The subject was marriage and each guest had written a 400-word piece entitled "Shoulda Put a Ring on It". Benson put himself, and his rescued marriage, at the centre of a talk that was one-part therapy speak, one-part self-flagellating confessional. Duffy cleverly celebrated same-sex ceremonies while Bidisha, was – surprise, surprise – dead against it "because of patriarchy", though she did admit to blubbing along with everyone else when some friends, one of whom was "a real super, right-on feminist", took the vow. Suffice to say, the Beyoncé song of the same name contained more wit and social insight in a few short, sharp lines than their combined efforts.

In The eSportsmen (R4), Kate Russell gamely entered the all-male world of competitive computer gaming. What once was a bedroom hobby for computer geeks is fast becoming a lucrative sport in which teams compete against each other for increasingly large sums of money. Except computer gaming, as its name suggests, is a game, not a sport. A bit like darts.

Seven hours a day sitting in front of a computer screen does not, the programme concluded, make for a balanced lifestyle. Neither, though, does an intense youthful commitment to, say, tennis. The best quote came from one earnest young man who declared without irony: "I see gaming as an equal fighting field, but girls just don't seem interested." I wonder why. © Guardian News & Media Limited 2010 | Use of this content is subject to our Terms & Conditions | More Feeds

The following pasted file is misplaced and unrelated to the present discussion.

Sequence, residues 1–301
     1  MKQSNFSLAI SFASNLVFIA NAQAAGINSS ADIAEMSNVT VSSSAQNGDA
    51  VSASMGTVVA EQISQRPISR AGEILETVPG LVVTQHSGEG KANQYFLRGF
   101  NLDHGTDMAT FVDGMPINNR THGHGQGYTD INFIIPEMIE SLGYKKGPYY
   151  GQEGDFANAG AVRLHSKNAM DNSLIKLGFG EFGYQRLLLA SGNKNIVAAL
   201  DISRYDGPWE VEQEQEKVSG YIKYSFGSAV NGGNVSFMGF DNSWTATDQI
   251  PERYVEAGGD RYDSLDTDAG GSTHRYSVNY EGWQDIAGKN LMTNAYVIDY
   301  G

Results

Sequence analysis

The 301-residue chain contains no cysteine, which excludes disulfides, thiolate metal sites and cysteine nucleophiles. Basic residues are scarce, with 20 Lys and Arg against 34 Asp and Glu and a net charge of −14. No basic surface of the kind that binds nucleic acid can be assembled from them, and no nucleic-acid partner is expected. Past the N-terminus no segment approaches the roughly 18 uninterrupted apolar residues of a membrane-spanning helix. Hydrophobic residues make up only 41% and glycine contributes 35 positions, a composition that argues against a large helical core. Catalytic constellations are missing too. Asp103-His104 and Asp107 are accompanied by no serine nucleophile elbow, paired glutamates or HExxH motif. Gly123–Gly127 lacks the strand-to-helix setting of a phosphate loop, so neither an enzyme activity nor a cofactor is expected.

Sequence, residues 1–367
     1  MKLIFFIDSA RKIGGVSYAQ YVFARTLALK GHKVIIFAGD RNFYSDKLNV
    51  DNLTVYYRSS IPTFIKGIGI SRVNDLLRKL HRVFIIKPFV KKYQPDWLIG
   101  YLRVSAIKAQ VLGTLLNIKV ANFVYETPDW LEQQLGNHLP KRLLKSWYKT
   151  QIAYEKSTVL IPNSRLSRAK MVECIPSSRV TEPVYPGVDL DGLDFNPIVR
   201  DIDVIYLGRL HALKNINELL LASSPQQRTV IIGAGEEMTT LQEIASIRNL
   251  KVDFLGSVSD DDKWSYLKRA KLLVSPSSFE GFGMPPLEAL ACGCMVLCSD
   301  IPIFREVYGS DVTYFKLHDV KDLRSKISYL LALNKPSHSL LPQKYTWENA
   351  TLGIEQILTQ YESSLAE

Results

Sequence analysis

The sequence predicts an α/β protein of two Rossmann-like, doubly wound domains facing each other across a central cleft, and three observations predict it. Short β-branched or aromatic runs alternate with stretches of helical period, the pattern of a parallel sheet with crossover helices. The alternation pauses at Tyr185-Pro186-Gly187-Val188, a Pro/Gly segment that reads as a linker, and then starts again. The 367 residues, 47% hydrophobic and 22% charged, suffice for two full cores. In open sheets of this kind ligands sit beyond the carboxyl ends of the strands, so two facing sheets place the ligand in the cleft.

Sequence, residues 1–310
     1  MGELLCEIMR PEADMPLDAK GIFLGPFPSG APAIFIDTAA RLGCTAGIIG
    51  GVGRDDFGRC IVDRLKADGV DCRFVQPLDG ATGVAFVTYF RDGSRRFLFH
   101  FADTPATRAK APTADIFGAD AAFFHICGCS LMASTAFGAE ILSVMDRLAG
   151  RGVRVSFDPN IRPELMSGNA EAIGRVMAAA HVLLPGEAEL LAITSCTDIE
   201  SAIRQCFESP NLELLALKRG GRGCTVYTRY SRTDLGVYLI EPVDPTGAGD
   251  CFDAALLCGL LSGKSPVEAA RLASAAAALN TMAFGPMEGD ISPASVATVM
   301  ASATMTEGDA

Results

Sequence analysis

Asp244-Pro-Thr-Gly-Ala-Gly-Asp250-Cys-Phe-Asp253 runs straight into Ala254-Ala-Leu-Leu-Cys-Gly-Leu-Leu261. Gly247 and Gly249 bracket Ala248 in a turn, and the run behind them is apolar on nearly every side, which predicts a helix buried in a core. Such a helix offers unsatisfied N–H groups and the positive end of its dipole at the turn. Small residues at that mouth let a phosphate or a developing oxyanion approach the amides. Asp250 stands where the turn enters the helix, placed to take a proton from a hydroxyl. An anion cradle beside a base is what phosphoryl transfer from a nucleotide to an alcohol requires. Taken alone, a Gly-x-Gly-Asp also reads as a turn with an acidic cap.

May 07 2010

Global Voices Partners with “Echo Moskvy”

By Vadim Isakov

We are pleased to announce our partnership with “Echo Moskvy,” the most prominent and respected radio station in Russia with hundreds of thousands of listeners from all over the globe. This radio station is rightfully considered the most influential radio in Russia.

“Echo Moskvy” radio is doing an amazing job covering different aspects of Russian society and brining a unique perspective regarding the most pressing issues in the country and the world. Most of “Echo Moskvy” broadcast is dedicated to analytical programs and talk shows. It is one of the few media outlets in Russia pursuing high standards of journalism. Many people consider “Echo Moskvy” an oppositional radio but, as its editor-in-chief Aleksey Venedikov said, it is rather “an informational radio” that serves as a platform for discussions among different forces and a place for analysis, ideas, opinions of different political structures.

Another great thing about “Echo Moskvy” is that it is actively using different online platforms to expand its audience and stay relevant in ever-changing field of global journalism. It has an extensive network of Russian bloggers featured on its Web site where people share amazing stories of lives in different corners of the country.

That is why we are very excited to start working with the most professional Russian journalists and prominent netizens bringing more perspective from Russian online community to global audience and, in turn, making Global Voices more accessible to Russian speakers.